Posted by Curt on 24 May, 2023 at 10:28 am. 3 comments already!


By Christopher J. Ferguson

In the early 2000s the United States enjoyed comparative racial optimism.  Majorities of both black and white citizens felt race relations were improving.  Even left-leaning NPR highlighted “colorblindness” as an ideal.  A generation later, race relations have nosedived.  We hear regularly about “systemic racism” and “white supremacy.”  Colorblindness now is considered racist.  This whiplash may leave many people wondering what happened. 

The 2014 Collapse in Race Relations

Christopher Ferguson for RCI
The collapse in race relations began in 2014. Exactly why this year was pivotal is unknown, though it coincides with the debunked “hands up, don’t shoot” framing of the Michael Brown killing and a larger “great awokening” wherein extreme identitarian views became more influential on the political left. Since 2014, little data suggests race disparities have gotten worse. Racist attitudes in the United States are at historic lows.  However, news media coverage worrying over racism soared.    
I studied this issue empirically in 2021.  I wanted to see whether actual police shootings of unarmed black men correlated with race relations or whether news media coverage highlighting police shootings of black men was a better predictor.  It turns out race relations are unrelated to actual police shootings, but correlate with news media coverage, which tends to obsess over shootings of black Americans while ignoring shootings of other individuals.  

The Moral Panic Over Race and Policing

After the 2020 murder of George Floyd, the United States experienced a “racial reckoning.”  News media claimed police were systemically targeting black Americans for fatal violence.  Defunding or even literally abolishing policing became serious policy proposals.  The United States, we were told, was systemically racist.   
Data on policing and race is complex and nuanced.  Police killings of unarmed suspects are rare, according to the Washington Post, and they’ve been declining.  Numbers peak at 95 for all races in 2015, declining to 32 for all races in 2021.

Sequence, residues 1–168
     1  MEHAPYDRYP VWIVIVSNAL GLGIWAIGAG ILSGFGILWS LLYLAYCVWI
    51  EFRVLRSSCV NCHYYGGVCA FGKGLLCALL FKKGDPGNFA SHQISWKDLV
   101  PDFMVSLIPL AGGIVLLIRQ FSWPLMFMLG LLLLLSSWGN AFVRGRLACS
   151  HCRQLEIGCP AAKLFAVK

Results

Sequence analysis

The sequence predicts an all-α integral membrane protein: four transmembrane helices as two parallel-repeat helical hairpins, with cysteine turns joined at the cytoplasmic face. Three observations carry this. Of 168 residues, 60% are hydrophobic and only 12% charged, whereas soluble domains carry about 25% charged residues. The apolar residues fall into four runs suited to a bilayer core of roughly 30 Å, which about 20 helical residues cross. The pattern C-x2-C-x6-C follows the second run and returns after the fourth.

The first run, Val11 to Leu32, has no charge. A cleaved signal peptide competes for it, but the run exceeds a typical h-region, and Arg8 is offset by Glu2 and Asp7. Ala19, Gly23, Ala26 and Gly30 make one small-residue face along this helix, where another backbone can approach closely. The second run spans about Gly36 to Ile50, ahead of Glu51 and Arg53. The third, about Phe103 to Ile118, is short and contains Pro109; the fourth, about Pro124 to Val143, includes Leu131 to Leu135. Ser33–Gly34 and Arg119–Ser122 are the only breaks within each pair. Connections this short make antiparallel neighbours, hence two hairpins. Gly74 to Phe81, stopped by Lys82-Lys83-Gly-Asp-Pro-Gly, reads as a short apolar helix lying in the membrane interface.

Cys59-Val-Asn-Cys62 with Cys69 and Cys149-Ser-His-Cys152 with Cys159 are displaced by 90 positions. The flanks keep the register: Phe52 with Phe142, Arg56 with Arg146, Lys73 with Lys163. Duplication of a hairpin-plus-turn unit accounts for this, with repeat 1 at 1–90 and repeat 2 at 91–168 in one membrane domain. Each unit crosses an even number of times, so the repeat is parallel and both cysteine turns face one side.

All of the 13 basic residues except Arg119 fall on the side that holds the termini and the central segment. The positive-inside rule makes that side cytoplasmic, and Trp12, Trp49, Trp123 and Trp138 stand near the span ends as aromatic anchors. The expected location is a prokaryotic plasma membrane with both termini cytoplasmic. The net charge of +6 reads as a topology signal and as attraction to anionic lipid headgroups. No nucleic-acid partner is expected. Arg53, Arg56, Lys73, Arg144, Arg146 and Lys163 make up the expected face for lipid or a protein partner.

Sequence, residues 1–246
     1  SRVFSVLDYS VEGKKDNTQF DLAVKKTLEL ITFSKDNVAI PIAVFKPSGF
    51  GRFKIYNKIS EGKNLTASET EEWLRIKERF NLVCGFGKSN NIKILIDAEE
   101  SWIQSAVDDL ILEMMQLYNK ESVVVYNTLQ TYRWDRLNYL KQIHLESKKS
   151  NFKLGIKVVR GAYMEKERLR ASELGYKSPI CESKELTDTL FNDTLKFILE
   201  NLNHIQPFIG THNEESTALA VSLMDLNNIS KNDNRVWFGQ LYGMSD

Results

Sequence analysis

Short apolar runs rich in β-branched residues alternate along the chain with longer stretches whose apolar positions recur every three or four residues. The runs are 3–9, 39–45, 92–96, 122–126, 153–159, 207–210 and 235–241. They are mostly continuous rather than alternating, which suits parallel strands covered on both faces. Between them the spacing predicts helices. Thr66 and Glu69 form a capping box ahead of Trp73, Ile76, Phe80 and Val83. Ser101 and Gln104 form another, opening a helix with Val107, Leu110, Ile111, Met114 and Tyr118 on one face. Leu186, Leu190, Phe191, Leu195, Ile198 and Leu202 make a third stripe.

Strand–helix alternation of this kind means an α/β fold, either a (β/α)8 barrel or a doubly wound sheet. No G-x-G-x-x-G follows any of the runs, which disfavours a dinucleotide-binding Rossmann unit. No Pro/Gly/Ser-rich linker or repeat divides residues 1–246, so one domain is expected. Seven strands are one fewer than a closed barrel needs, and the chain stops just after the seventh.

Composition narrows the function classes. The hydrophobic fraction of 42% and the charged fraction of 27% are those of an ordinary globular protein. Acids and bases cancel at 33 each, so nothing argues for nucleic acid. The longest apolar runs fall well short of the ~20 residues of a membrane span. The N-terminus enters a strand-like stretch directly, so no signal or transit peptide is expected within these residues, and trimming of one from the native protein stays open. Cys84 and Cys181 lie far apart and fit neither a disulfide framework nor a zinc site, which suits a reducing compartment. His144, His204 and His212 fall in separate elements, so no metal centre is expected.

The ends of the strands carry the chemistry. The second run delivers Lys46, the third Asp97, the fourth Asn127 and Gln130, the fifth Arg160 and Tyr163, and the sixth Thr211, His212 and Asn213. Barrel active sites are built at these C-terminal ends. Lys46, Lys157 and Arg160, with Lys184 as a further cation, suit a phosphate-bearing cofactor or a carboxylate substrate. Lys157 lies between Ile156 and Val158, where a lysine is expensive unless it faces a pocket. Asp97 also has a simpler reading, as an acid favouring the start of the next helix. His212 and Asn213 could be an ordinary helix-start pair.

When it comes to police shootings of unarmed individuals, white suspects are shot more often than black suspects (by contrast, Asians are rarely shot by police compared to either group).  Though more unarmed whites than blacks are killed by police, black suspects are indeed proportionally overrepresented.  We can see the proportional differences in the following chart: 
Christopher Ferguson for RCI
Washington Post Police Shootings Database
However, commission of violent crime is also ethnically disproportional.  Black and Hispanic men commit violent crimes disproportionally more often than do white or Asian men.  That police shootings and commission of violent crime so neatly track one another is not a coincidence.  
Christopher Ferguson for RCI
Bureau of Justice Statistics
One might conclude that, perhaps, overrepresentation of black Americans as perpetrators of violent crime might be due to overpolicing of black communities.  However, when we look at victims of homicide, most of which are the same race as the killers, we see the same pattern of black victims being overrepresented.  This means the overpolicing hypothesis does not fit the data.   
It is also worth noting that most young men of any ethnicity do not commit violent crimes.  Race itself is not a determinant of violent crime.  In one recent study, although racial composition of neighborhoods predicted violent crime, race no longer predicted violent crime once other community factors such as insufficient food, housing issues, air pollution and proportion of single-parent homes are controlled..   
Studies largely find the same thing when it comes to excessive use of police force.  In another recent study, we found that class issues, particularly communities experiencing higher levels of mental health issues among residents — not race — predicted reports of excessive police force (except for Latinos, who reported less police force).  To be fair, studies on this do vary in conclusion.  However, in my view the weight of evidence suggests that class, not race, predicts excessive police force.   
We found that higher levels of mental health problems among community residents predicted reports of excessive police force.  This is probably because police are likely coming into contact with mentally ill residents who may escalate an encounter that began over something trivial.  Other studies also suggest the chronically mentally ill moreoften experience physical force during police encounters.  The mentally ill may struggle to respond to aggressive police commands.  Thus, relatively minor encounters initially may intensify into dangerous situations. Better police training with mental illness may help. 

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